Wednesday, December 26, 2012

What's the line between right and wrong?

Information is valuable. Look at how much money is spent on programs, software, and other measures that are implemented in order to protect it. And why does it need protection? Because there are people trying to gain access to it.

But what makes hacking or other means of gaining someone's personal information without their consent bad? As I understand it the "without their consent" is the main thing that people point to as why taking someone's information under such circumstances is wrong. 

Well what if the morality/immorality or right/wrong of hacking a computer to take someone's information without consent wasn't determined not by the act that was committed but by the who the act was committed against?

A few days ago I saw a link to this article come up in my Facebook feed where the friend who put it up was cheering for it.

Let's be clear. This friend was happy over the fact that the hacker group Anonymous had hacked their way into getting personal information about members of the Westboro Baptist Church and posting it in a public place.

Look I despise the rude, disrespectful, and downright actions that Westboro has taken in recent years from picketing military funerals to (at least) planning to picket the funerals of some of the children killed in last week's Sandy Hook Elementary Massacre. What they are doing is terrible and I would like to see them fade from existence just as much as the next person.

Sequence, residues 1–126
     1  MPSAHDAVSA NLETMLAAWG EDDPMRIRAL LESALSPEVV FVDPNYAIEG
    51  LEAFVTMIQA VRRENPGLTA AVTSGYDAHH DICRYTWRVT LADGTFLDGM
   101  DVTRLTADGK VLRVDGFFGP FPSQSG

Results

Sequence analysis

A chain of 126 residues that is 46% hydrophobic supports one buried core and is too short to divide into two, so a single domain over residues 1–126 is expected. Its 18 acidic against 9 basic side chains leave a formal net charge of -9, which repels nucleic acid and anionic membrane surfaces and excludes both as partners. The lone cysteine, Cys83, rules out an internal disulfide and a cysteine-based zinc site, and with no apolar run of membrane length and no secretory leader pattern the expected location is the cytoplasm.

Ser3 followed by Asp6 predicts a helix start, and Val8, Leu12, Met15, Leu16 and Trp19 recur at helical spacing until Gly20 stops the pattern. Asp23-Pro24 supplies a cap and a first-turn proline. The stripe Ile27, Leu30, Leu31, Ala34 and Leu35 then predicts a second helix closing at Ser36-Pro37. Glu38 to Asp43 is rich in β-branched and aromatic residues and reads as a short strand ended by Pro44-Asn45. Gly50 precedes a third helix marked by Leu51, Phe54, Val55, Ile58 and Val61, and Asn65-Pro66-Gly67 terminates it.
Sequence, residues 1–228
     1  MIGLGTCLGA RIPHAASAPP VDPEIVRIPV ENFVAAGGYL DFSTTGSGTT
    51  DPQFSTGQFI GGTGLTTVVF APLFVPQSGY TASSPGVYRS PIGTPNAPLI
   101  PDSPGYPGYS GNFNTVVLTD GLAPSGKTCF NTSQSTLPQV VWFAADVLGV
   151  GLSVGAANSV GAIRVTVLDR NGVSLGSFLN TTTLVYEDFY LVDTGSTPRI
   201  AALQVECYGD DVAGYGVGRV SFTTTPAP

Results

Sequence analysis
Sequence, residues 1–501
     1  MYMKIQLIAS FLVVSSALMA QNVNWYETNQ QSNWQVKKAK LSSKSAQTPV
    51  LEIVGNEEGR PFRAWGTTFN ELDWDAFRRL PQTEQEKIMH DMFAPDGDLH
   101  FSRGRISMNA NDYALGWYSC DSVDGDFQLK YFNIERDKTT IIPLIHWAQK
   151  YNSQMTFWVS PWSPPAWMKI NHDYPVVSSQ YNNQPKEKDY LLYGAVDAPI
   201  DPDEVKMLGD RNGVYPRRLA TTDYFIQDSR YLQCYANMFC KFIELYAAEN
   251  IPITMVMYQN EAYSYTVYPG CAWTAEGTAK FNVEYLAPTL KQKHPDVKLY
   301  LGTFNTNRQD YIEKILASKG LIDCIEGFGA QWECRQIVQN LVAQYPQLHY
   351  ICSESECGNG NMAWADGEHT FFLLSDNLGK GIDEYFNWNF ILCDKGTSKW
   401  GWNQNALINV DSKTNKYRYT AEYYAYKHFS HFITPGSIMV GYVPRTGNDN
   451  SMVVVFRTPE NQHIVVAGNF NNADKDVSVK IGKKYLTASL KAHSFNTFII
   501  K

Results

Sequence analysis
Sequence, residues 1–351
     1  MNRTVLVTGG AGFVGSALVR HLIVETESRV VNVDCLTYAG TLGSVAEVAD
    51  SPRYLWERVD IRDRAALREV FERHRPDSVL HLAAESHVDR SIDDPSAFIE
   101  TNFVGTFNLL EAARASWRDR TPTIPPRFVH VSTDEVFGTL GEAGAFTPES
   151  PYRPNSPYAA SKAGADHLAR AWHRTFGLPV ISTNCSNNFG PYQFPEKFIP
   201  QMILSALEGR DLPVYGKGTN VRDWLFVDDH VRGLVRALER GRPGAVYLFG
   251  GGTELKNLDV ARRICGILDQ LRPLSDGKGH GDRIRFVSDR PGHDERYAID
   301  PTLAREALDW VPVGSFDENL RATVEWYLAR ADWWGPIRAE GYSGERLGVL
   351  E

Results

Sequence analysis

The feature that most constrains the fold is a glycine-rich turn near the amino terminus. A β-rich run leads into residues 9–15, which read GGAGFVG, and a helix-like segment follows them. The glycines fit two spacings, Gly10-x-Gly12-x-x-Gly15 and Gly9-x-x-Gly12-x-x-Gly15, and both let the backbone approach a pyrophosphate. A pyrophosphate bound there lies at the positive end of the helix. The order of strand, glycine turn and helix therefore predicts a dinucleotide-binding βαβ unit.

However I don't think that excuses stealing their personal information and sharing it in public.

Just like any other citizen members of Westboro have rights to privacy of information. Now from what I can tell while the things members of that church do are vile and immoral none of them are explicitly illegal either. If so then I could at least see the argument that Anonymous' hacking and sharing of information as akin to providing information to authorities for wanted criminals but even then that would call for sharing the info with law enforcement, not with the general public.

Let me flip things around for a bit.

There's no shortage of people who think that the things that members of the Occupy Movement do and say are vile and immoral. So what if Anonymous hacked an Occupy website, got information on some of its members and shared it with the public? Would the court of public opinion change it's answer?

I know this sounds odd but I just think that when, "What do I think of them personally?" is what determines if an act is a good or bad thing, something may be wrong.

Tuesday, December 25, 2012

Is it really the thought that counts?

Now that we have seen the Mayans weren't as accurate about the end of the world as we thought (or maybe Dr. Who had already preemptively save the world from that threat, who knows) Christmas is upon us once again and with Christmas comes gifts. And with gifts some shipping.

A few nights ago while thinking about what else to add to the main gift I had purchased for my girlfriend I found out that Bath and Body Works had a "Buy 3, Get 3 Free" sale going on. Topping off a gift with some body lotions and shower gel doesn't sounds like a bad idea right? I was already familiar with what scents she likes but I wasn't sure exactly which products to buy for her. Let me show you what I'm talking about.